Arranged according to the primary intent of the criminal, the Crime Classification Manual: A Standard System for Investigating and Classifying Violent Crime, Third Edition features the language, terms, and classifications the criminal justice system and allied fields use as they work to protect society from criminal behavior.

Coauthored by a pioneer of modern profiling and featuring new coverage of wrongful convictions and false confessions, the Third Edition:

  • Tackles new areas affected by globalization and new technologies, including human trafficking and internationally coordinated cybercrimes
  • Expands discussion of border control, The Bureau of Alcohol, Tobacco, Firearms and Explosives (ATF), and Homeland Security
  • Addresses the effects of ever-evolving technology on the commission and detection of crime

The definitive text in this field, Crime Classification Manual, Third Edition is written for law enforcement personnel, mental health professionals, forensic scientists, and those professionals whose work requires an understanding of criminal behavior and detection.

A History of the Jews

Less a seminal contribution than a distillation of a wide range of sources, this history of the Jews focuses on their four-millennia interplay with, and adaption to, other, often hostile, civilizations a "world history seen from the viewpoint of a learned and intelligent victim.'' Weaving biblical and archeological data, Johnson (Modern Times Revised Edition: The World from the Twenties to the Nineties), History of Christianity) is particularly deft at placing the patriarchs and early Israelites (the Bronze Age through the destruction of the First Temple) in their historical context. His dense, somewhat arbitrary, capsule extols Judaic rational scholarship which contributed to ethical monotheism and the 18th-century economic system, in turn and denigrates mystic kabbalah``heresy of the most pernicious kind.'' Although Johnson, who seeks to acknowledge ``the magnitude of the debt Christianity owes to Judaism,'' traces ``an inherent conflict'' between the religion and the state of Israel through the various ages, the work is incontrovertibly sympathetic to Zionism.

A History of the Jews.

Friday, July 15, 2016

Explosion of Chicago's Black Street Gangs

Explosion of Chicago's Black Street Gangs-1900 to Present, is the bible on the social pathology of street gangs in Chicago. It should be read by all professionals working with young adults, especially those involved in law enforcement.


"This commentary is not intended to be a comprehensive analysis of Chicago's Black street gangs, nor does it purport to be based on scientific data. However, as one who has worked with and observed Black street gangs for over twenty-five years, I believe I do have some insight about them. Furthermore, I believe as a Black social practitioner my insight gives a perspective on Black street gangs that has not been provided by many white academicians and social scientists.

What this commentary attempts to do is to trace the evolution of Chicago's Black street gangs and identify those factors that have made many of them the violent gangs they are today. In doing so, I have tried to separate myth from fact and list critical realities we must face if we are to have a significant impact on Black street gangs. Although I do not provide solutions to the Black street gang problem, I believe some strategies for remedying the problem can be extrapolated from my commentary."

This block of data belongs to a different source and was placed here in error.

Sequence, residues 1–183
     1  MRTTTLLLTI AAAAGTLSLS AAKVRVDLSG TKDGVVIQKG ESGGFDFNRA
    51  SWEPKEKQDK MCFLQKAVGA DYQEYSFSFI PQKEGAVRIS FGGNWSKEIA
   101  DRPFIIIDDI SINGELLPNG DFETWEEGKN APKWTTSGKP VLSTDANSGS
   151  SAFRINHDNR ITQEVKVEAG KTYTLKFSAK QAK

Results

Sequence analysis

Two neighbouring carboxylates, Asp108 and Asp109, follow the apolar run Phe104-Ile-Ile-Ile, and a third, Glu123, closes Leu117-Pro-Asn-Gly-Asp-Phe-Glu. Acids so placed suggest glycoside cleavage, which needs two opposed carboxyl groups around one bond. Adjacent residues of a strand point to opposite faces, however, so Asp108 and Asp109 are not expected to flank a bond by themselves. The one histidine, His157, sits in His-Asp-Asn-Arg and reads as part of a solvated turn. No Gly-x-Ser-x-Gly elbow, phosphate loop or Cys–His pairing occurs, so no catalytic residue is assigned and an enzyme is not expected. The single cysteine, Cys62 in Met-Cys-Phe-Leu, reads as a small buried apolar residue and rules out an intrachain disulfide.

Official Mafia III Accolades Trailer - The Fall's Most Promising Open-World Game

With over 60 E3 accolades, 12 awards and a host of top-ten recognitions, Mafia III is poised to be Fall’s Most Promising Open-World Game.

Mafia III Deluxe Edition - PlayStation 4: - It’s 1968 and the rules have changed. After years in Vietnam, Lincoln Clay knows this truth: Family isn’t who you’re born with, it’s who you die for.

Wednesday, July 06, 2016

9 Vehicles from Drug Kingpin Included in U.S. Marshals Online Auction

The U.S. Marshals Service is holding an online auction, ending Thursday for the sale of 10 high-end vehicles at Nine of the vehicles are from the drug kingpin Alvaro Lopez Tardón case in Miami.

The auction, already underway, has drawn hundreds of bids. A 2003 Ferrari Enzo, with 13,088 miles, is currently at more than $1.9 million.

The vehicles will be shown during a preview Wednesday from 9 a.m. to 5 p.m. at Miami Marlins Park, 501 Marlins Way, Miami, FL 33125.

Vehicles being sold from the Tardón case include an Enzo Ferrari, Bugatti Veyron 16.4, Rolls-Royce Ghost, Ferrari F430, Maybach 57S, and four luxury SUVs (two Mercedes and two Range Rovers). A Bentley Continental GTC, also for sale in this auction, is from a New Jersey case.

Tardón, 41, a Spanish national, was the head of an international narcotics trafficking and money laundering syndicate which distributed over 7,500 kilograms of South American cocaine in Madrid and laundered over $14 million in narcotics proceeds in Miami by buying high-end real estate, luxury and exotic automobiles and other high-end items. After a seven-week trial in 2014, Tardón was convicted on one count of conspiracy to commit money laundering and 13 counts of money laundering. He was sentenced to 150 years and is serving his sentence at the Miami Federal Detention Center.

Tuesday, July 05, 2016

Sidney Korshak was The Myth, Mr. Silk Stockings, The Duke and The Fixer

Some mobsters get ridiculous nicknames.

The Clown.

No Nose.

The Weasel.

But others, like Chicago mob lawyer Sidney Roy Korshak, get nicknames more reflective of their importance.

To the rich and powerful, Korshak was "The Myth."

He was "Mr. Silk Stockings" and "The Duke."

And most appropriately, he was "The Fixer."

Korshak was the ultimate fixer, in Chicago and later in sunny California, where he thrived in the shadows.

Need a criminal case fixed? Call Korshak.

Teamsters threatening to cripple your business and they're not in a mood to negotiate? Call Korshak.

Looking for an investment to launder the blood out of your mobbed-up money?

You get the picture.